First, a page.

Young Friðrik was about five years-old when we shot the book in 2002. He turned six on August 30, 2002. The book process sometimes takes awhile. Here you can see Friðrik when we shot the book in 2002 and when the book came out in March of 2005. One us has changed his haircut style, and look at how he has grown in such a short time.

Bruce and Friðrik July 2002
Stykkishólmur, Iceland

Bruce and Friðrik March 2005
Stykkishólmur, Iceland

Going Fishing came about at the suggestion of my good friend Sigþor "Siggi" Hallfreðsson, who also helped to make the shooting go so well. On the first Sunday in July 2002, I called Siggi and his family in Iceland to say hello. I had no plans for this book, nor to go to Iceland during the summer. Siggi said, "Why don't you do a book about fishing? Young Friðrik's grandfathers both have boats in Stykkishólmur and fish for cod and lumpfish. By Monday I had an outline and film ordered; by Tuesday I had my ticket and was packing; and by Thursday I was in the air and on my way to Iceland .

Today when I visit schools, I bring along the same hat that young Friðrik wore when fishing, his traditional Icelandic húfa which his grandmother knit for him. I share it with students in the US thanks to his mother, Erla Friðriksdóttir.

My first book, Finestkind o' Day, was about lobster fishing in Maine . Years later I wrote and shot Salmon Summer about fishing in Alaska. No w I've written and shot Going Fishing in Iceland . The funny thing is, I never set out to do a series called "fishing around the world".

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March 1, 2005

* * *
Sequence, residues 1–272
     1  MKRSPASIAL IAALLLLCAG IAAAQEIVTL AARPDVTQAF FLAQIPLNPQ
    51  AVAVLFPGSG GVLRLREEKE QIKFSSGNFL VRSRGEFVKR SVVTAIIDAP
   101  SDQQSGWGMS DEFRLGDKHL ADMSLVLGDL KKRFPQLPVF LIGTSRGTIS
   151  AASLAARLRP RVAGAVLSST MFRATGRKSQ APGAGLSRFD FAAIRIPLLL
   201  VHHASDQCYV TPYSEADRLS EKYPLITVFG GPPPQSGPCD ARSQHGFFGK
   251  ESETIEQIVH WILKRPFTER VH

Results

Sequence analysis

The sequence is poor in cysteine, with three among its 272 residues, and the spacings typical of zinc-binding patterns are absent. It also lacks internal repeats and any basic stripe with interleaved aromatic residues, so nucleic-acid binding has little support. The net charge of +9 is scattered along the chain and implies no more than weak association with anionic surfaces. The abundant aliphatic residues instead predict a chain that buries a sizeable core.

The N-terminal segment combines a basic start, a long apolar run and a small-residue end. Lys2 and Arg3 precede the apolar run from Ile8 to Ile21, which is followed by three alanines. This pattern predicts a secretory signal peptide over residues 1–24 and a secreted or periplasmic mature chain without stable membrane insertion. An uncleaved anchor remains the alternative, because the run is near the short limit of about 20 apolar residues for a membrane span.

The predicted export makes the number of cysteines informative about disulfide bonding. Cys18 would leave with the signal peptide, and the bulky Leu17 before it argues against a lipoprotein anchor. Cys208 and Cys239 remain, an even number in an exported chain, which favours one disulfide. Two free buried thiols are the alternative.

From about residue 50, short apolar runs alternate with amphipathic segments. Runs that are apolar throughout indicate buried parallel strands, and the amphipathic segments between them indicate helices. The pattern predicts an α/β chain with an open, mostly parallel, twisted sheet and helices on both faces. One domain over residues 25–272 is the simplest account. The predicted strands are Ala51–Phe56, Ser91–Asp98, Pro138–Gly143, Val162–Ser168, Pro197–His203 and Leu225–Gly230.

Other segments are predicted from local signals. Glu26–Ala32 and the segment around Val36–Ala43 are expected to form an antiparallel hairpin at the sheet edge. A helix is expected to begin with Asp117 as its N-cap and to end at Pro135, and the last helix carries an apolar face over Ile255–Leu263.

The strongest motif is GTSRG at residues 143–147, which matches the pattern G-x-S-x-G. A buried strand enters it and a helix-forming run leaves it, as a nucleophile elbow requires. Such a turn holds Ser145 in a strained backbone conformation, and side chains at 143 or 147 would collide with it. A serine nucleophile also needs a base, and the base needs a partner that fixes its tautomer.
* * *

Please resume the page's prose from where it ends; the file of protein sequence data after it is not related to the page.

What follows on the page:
"A delightfully illustrated presentation."

McMillan, Bruce. Going Fishing.
March 2005. 32p. illus. Houghton/Walter Lorraine
$16 (0-618-47201-0). 799.16.

Gr. 2-4. McMillan's sixth book set in Iceland, this narrative photo-essay follows a young boy from Reykjavik to the fishing village where his two grandfathers live. Each takes his grandson out on his own boat to catch a type of fish important to Iceland: cod, caught with lines and hooks, and lumpfish, caught with nets and valued for its roe. The clarity of the color photos brings the people, their surroundings, and the process of fishing sharply into focus, while the emphasis on real people doing everyday things offers children glimpses of life in Iceland. Both the conversations in the text and the photos have a natural air that is unusual in this type of book. A delightfully illustrated presentation of fishing, family, and, of course, Iceland. --Carolyn Phelan

This copyrighted © review originally appeared in Booklist and appears here with their permission.

School Library Journal
May 2005

"All of the images are eye-catching, beautifully composed, and crystal clear."

McMillan, Bruce. Going Fishing.
photos. by author. 32 p. bibliog. CIP.
Houghton/A Walter Lorraine Bk. March 2005.
Tr $16. ISBN 0-618-47201-0. LC 2004015506.